Write Down Your Desires

Write down everything that you want to attain in the future. Your dreams, wishes, and wants.

Create Scenarios

Now, go over both lists and pick the item that is the most important to you. It could be a complaint or a desire. Write a scenario for that item only.

  • If it’s a complaint, what would be the ideal solution to it?
  • If it’s a desire, what would be the ideal manifestation of it?

Don’t think about limitations. Don’t think about how you’re going to realize that goal. Focus only on the end result.

Imagine you have magical powers and you can create a parallel reality where this ideal solution can be real. Add as many details as you want.

Once you complete this exercise for a single item, repeat it for the next most important item. Repeat it for as many items as you want.

You can even come up with several scenarios for each complaint or scenario. The idea here is to let our imagination loose so that it can come up with the most interesting solutions.

We also call these solutions scenarios. That’s a lighter approach and allows us to be more creative and overcome our worries and limiting beliefs.

Another tip to overcome your worries is to approach this task as if you’re working on the life of another person. Imagine you’re a writer that’s working on a character in a fiction book. That will help you set aside your worries.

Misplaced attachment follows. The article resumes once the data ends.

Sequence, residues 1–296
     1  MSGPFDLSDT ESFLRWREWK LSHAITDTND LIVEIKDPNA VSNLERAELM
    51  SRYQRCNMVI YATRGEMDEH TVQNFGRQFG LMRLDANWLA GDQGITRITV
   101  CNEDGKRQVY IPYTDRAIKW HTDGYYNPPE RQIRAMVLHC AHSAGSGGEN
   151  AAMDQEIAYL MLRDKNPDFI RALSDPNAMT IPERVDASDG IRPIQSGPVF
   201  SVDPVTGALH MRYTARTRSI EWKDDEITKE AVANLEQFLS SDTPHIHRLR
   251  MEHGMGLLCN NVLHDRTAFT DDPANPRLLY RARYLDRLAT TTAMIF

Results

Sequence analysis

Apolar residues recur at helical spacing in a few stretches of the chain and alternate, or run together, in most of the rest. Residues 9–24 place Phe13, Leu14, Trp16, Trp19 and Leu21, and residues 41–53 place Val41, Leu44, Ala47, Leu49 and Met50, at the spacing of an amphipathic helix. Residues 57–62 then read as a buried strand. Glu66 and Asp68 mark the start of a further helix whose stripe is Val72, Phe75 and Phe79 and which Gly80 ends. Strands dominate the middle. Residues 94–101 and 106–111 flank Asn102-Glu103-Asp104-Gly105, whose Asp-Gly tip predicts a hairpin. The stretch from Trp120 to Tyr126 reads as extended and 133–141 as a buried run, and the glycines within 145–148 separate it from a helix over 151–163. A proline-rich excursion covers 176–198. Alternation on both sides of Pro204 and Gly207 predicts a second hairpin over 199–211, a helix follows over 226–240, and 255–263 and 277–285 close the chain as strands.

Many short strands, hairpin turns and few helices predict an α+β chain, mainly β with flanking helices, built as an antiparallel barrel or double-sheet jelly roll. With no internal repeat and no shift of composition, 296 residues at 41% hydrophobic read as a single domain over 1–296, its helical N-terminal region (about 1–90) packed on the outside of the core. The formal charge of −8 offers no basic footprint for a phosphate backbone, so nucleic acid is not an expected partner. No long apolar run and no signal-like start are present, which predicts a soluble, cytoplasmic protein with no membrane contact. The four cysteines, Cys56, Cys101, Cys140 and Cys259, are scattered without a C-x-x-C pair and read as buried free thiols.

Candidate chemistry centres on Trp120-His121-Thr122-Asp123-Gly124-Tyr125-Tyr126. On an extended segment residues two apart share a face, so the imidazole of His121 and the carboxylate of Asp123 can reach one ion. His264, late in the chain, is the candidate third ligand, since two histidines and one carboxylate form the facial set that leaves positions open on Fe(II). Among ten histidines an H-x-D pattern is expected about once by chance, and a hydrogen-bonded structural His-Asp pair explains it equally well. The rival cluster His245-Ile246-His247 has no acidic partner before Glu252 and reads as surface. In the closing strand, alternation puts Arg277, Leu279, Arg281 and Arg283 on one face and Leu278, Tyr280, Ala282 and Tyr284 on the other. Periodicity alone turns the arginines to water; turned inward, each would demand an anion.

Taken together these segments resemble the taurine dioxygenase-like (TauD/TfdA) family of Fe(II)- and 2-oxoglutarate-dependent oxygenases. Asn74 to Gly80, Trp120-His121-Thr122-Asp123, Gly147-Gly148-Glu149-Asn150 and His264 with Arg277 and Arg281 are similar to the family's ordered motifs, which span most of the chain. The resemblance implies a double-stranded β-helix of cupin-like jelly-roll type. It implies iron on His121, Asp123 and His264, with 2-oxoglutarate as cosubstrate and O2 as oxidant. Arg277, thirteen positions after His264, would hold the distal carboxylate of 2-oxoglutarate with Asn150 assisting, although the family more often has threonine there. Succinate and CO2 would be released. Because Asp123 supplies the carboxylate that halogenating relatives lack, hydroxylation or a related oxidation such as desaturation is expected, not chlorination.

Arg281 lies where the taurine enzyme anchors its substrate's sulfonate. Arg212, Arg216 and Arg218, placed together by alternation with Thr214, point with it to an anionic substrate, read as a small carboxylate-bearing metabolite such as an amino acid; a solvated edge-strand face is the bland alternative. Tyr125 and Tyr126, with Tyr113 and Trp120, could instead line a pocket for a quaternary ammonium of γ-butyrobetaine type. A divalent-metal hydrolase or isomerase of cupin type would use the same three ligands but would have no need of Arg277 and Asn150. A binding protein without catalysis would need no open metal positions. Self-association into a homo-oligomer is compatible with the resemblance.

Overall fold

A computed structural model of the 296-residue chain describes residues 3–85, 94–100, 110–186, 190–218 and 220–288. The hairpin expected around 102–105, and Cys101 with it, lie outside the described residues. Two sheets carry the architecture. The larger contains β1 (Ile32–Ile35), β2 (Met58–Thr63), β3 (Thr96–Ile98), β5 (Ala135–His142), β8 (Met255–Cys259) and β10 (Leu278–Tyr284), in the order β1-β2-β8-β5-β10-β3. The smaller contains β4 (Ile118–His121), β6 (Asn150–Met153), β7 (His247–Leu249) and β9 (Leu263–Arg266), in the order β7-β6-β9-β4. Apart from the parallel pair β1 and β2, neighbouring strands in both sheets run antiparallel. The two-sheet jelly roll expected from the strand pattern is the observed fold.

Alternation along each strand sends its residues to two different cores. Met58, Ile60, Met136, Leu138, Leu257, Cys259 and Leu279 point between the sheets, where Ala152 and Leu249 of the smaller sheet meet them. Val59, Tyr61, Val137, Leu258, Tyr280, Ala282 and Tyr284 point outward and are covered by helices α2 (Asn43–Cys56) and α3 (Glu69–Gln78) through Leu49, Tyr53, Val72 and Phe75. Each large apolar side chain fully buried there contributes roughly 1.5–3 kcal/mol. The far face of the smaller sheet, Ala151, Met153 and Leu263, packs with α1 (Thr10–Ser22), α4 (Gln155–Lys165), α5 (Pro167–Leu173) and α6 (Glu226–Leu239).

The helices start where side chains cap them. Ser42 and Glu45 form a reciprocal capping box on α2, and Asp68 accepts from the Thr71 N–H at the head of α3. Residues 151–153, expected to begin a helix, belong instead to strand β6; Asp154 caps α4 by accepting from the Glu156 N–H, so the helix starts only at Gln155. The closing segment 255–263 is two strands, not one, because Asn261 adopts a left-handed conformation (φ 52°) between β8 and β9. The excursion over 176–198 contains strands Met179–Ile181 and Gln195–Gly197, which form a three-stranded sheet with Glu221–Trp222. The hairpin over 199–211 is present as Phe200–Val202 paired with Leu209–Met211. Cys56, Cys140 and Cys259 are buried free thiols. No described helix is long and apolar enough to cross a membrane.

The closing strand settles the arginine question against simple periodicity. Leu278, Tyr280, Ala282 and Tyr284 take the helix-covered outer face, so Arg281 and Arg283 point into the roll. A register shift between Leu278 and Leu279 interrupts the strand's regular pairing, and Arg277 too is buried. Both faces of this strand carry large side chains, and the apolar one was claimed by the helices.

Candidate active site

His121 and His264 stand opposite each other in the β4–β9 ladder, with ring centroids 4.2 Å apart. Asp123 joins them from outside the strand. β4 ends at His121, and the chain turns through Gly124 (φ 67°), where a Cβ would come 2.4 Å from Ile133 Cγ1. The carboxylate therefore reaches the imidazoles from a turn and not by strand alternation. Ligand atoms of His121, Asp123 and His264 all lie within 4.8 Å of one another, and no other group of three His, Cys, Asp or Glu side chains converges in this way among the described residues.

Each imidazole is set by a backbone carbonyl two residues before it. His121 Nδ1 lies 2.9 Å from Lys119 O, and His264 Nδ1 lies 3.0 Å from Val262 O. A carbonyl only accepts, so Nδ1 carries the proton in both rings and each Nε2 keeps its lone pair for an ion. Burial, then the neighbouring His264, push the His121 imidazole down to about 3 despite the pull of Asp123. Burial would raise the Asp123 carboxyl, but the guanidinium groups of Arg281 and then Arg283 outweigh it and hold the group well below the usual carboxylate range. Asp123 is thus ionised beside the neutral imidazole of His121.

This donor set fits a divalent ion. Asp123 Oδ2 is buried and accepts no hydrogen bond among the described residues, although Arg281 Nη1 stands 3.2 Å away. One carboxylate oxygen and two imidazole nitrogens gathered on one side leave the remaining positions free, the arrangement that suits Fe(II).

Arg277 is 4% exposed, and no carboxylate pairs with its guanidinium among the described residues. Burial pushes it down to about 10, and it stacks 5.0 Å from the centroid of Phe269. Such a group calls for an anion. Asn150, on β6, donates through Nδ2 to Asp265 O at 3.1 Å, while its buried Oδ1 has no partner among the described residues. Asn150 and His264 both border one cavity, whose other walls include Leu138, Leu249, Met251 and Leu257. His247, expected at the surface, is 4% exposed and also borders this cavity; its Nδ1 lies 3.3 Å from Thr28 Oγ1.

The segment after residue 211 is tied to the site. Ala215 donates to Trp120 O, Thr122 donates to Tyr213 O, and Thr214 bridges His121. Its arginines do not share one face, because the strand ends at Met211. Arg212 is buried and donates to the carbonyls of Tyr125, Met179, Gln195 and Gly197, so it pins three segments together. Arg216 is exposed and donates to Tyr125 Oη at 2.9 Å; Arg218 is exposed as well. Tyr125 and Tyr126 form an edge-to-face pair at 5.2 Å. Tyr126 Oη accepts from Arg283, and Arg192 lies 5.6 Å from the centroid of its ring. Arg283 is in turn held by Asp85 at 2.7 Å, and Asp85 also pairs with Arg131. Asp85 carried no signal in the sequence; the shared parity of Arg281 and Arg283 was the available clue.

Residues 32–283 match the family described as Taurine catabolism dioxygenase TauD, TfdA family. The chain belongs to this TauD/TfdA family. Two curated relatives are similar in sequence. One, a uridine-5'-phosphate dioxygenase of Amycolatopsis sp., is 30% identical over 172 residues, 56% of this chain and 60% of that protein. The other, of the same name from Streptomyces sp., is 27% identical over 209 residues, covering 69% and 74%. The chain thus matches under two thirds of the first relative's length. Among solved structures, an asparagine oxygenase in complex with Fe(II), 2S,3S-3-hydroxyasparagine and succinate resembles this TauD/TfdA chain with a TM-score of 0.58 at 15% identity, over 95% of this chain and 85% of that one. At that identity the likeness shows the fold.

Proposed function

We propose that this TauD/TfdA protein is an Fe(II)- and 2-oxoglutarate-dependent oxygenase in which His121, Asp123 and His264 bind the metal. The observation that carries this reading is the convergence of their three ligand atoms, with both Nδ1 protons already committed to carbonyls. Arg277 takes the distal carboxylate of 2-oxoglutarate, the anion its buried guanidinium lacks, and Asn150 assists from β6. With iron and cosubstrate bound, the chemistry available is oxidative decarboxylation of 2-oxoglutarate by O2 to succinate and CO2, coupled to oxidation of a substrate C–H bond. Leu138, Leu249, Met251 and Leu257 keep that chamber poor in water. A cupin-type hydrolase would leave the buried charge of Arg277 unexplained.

Merge Your Scenarios

At this step, we’re going to merge all the scenarios into a single vision. It’s OK that some of your scenarios contradict each other.

You might be living in New York in one scenario and in Paris in another one. You might be a businessperson in one scenario and a free spirit in another one. This is expected, because we all have contradicting desires, wants, and wishes.

With the previous step, we acknowledge all of our desires. In this step, we have to make a decision. We will create a single, coherent vision.

Look at all the different scenarios from the previous step and merge them into a single vision. If there are contradicting scenarios, look for ways of integrating them.

You might be a businessperson during the week, and a free spirit in the weekends. You might live in New York throughout the year and spend your vacations in France.

If you can’t integrate them, it’s time to make a decision. You might need to let go of some of your scenarios. Don’t throw them away, keep them in a separate section. It’s also important to be aware of which desires you decided to not realize.

Every time you feel those desires again, you’ll remember that those desires don’t fit your vision, and you’ll let them go. That way, you’ll free up some considerable mental capacity in your mind.

Focus on What, Not How

This exercise isn’t about how you’re going to realize your vision. It’s about finding out what your vision is. Don’t jump to conclusions and look for ways of realizing each scenario at this moment.

Your goal is to come up with a congruent, viable, compelling vision. How you’re going to realize that vision is the subject of another exercise.


Having a congruent, viable, compelling vision is a critical step in personal success. Yet, most of us avoid it. Some of us don’t have the time. Some of us get overwhelmed by the idea. And some of us don’t know how to do that.

You can come up with a vision in four steps.

  1. Write down your complaints.
  2. Write down your desires.
  3. Write down the ideal solutions for the most essential complaints and desires.
  4. Merge the solutions into a single vision.